I won’t miss: the feeling you haven’t done an honest day’s work

I will miss: getting to the airport from the centre of the city in 15mins max
I won’t miss: waiting at the crap airport

I will miss: the billions or so coffee shops
I won’t miss: the lack of bars

I will miss: the lack of crime
I won’t miss: the lack of action

I will miss: the geunineness of most people
I won’t miss: the hierarchy in society

I will miss: the generosity of Qataris
I won’t miss: the sight of maids following their mistresses round

I will miss: the Corniche and occasional trips to the desert
I won’t miss: the lack of green

You know when I tally it up it isn’t such a bad place. The negatives do loom large depending on what your aim in life is right now but for a few months of the year and a short period, it is a decent place spot.


April is the final month. It seems to have taken a long time but it’s finally here. I am flying out tonight after final drinks and meet with friends. The apartment is empty. The windows are now sealed shut. The air-con is on and would stay on for the next 5 months should I stay. But I’m not going to. The fridge is empty. The bag is packed. I even swept the floor of the ever-accumulating dust. It’s halas time.

While its slowed in pace as rapidly as the weather heats up in April (32C to 42C), my mind moved from confusion to clarity. Confusion reigns over whether I was doing the right thing here and there but when I sent my belonging through the post and said goodbye to the staff yesterday and the diplomats today I felt sad but clear. The mind is as clear as the city is covered in haze. From May onwards Qataris start taking holidays and the country becomes much quieter heading into Ramadan. Only the lesser off remain. The city (and therefore the country) is left to survive the summer heat usually heading towards 50C every day.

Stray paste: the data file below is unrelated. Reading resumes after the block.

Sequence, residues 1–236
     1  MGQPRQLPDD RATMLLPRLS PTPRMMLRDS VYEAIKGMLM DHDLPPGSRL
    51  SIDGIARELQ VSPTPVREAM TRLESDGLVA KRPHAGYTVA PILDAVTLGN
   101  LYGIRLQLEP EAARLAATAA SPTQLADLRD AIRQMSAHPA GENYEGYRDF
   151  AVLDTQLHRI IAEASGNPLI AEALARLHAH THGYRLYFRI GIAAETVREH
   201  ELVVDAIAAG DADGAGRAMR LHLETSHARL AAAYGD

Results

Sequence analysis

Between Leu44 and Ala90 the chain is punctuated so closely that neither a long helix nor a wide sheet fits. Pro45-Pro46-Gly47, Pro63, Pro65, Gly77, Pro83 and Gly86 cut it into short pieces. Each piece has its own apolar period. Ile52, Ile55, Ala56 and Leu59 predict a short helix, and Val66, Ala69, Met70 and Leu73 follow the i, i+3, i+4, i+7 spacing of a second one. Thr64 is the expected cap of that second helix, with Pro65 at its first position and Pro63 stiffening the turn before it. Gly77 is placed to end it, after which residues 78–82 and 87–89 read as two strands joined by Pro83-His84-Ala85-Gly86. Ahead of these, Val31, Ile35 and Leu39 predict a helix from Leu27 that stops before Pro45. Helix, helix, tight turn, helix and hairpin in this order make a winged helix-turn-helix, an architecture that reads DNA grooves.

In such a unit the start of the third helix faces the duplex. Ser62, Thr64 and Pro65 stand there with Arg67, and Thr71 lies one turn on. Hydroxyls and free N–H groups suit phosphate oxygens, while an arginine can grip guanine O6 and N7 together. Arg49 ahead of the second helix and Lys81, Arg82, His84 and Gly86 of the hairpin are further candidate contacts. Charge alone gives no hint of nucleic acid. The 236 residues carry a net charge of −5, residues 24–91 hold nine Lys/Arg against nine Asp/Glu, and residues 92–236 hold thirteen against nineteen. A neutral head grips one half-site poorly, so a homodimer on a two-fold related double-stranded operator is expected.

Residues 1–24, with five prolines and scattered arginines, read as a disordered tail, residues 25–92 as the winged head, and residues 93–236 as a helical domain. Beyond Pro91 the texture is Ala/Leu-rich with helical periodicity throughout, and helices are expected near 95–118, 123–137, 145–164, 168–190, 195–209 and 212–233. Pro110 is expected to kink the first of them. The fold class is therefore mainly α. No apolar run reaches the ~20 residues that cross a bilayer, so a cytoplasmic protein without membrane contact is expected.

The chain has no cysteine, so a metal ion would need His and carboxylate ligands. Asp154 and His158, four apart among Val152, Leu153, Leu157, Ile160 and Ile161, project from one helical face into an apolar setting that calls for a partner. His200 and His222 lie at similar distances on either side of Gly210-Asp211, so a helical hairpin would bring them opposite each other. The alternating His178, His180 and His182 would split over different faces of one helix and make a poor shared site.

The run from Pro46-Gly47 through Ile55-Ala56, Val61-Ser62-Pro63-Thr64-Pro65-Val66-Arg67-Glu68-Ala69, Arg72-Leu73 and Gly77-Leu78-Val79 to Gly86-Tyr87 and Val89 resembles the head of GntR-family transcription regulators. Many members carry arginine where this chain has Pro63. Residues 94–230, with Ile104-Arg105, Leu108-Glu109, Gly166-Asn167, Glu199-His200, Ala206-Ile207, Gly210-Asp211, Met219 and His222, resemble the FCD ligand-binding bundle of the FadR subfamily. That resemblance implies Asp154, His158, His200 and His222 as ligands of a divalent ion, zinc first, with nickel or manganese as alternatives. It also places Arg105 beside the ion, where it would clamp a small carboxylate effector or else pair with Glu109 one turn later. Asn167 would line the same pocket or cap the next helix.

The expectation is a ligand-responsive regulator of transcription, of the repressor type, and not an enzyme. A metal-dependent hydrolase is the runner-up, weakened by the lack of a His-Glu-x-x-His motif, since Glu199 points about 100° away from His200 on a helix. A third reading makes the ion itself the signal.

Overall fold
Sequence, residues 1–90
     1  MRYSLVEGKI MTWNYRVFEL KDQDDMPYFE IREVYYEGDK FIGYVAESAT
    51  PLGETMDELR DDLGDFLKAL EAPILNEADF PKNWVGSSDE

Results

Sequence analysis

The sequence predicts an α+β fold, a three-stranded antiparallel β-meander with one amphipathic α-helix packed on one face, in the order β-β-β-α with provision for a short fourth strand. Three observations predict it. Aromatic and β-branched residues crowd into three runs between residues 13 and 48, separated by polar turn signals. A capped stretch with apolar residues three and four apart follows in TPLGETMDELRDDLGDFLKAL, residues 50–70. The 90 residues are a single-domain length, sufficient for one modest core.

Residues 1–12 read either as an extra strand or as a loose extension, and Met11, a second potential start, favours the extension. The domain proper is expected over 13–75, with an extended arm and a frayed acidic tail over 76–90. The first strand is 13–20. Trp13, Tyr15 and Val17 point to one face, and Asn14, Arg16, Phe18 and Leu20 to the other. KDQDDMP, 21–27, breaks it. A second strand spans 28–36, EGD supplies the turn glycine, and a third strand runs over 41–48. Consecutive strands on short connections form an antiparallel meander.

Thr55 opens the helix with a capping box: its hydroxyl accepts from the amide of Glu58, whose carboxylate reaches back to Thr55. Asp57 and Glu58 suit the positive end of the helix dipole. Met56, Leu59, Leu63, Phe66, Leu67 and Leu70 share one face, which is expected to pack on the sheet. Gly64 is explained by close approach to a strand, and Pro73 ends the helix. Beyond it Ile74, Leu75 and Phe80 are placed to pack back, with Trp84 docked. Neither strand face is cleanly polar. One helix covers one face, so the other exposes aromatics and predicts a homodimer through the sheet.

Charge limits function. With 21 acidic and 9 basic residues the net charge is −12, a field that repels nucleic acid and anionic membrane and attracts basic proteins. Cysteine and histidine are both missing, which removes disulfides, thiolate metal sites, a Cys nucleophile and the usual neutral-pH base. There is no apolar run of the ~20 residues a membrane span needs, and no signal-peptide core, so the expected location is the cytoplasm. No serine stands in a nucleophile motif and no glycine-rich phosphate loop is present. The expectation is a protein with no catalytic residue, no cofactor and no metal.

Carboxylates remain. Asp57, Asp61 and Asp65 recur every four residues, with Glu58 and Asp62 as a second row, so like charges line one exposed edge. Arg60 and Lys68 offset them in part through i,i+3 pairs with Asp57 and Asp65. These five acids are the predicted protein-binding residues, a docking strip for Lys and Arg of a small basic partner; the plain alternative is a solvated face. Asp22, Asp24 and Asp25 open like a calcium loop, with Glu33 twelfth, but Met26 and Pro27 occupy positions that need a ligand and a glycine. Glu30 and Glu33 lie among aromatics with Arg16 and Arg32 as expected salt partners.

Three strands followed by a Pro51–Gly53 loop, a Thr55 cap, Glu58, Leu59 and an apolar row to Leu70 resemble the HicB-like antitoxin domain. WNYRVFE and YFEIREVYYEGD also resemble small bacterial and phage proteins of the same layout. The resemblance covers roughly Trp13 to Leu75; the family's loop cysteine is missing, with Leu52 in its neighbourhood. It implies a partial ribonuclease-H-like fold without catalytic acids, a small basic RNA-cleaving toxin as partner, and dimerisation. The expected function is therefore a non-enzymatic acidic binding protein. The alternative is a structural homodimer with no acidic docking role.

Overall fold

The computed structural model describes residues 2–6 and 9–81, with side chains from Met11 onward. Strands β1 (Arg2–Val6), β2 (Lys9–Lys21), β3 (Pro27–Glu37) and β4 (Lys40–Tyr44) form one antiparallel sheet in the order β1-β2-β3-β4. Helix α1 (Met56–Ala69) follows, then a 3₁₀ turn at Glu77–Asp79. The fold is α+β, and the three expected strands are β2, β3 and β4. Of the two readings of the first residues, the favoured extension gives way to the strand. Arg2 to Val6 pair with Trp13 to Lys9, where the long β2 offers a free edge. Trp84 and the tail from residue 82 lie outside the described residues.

But April itself has been interesting.  We kayaked in the mango groves watching the sun set. I drove a powerboat and tried some Arabic (Lebanese and Egyptian) dancing after a fair bit of tequila. The museum held an exhibit documenting the history of chess and other board games which was surprisingly interesting. They all date back to India but the rules were drafted in Persia. Some of the pieces and boards dated back to the 9th century. I walked and ran a lot. Friends exchanged meals and we said fond farewells. The souq held some celebrations. My happiest memory was going out with the Sri Lankan houseboys to eat their food. I wanted Sri Lankan food I never saw when I visited and they came through. Hopas, egg, plain or string will stay with me. Thank you.


The summer promises to be fun. I’ve much to decide regarding where the next job will be. I could come back but leaving right now is the right action. What happens next is the next confusion but a few simple decisions I’ve put off for months and all will be fine. First it’s to Moscow and St Petersburg to meet Polina and Ekaterina. Then onto the wedding in Serbia, a trip into Montenegro and finally back to the UK for interviews, awaiting university decisions and a general refocus. 18 months might not seem like a lot but it is here in the desert. Time for some greenery. I’ll see if I miss the place.

March Muchness

March was a fast month beautifully-dissected by a long-awaited return to my second home Japan. It also heralded the true beginning of my countdown to leaving Qatar. As the temperatures rise, bringing with them sand and electric storms, it’s time to get out of here. It’s fulfilled its role.